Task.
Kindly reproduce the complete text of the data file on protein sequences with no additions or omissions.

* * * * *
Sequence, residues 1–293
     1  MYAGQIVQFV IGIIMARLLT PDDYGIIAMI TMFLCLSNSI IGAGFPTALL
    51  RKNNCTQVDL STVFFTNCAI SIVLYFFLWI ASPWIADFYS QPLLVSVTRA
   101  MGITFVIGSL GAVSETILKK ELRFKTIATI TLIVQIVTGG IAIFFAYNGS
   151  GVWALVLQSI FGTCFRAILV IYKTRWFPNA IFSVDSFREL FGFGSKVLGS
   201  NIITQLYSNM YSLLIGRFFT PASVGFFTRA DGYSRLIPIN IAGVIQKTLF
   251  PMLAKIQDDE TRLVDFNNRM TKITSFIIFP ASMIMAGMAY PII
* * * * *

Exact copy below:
Sequence, residues 1–293
     1  MYAGQIVQFV IGIIMARLLT PDDYGIIAMI TMFLCLSNSI IGAGFPTALL
    51  RKNNCTQVDL STVFFTNCAI SIVLYFFLWI ASPWIADFYS QPLLVSVTRA
   101  MGITFVIGSL GAVSETILKK ELRFKTIATI TLIVQIVTGG IAIFFAYNGS
   151  GVWALVLQSI FGTCFRAILV IYKTRWFPNA IFSVDSFREL FGFGSKVLGS
   201  NIITQLYSNM YSLLIGRFFT PASVGFFTRA DGYSRLIPIN IAGVIQKTLF
   251  PMLAKIQDDE TRLVDFNNRM TKITSFIIFP ASMIMAGMAY PII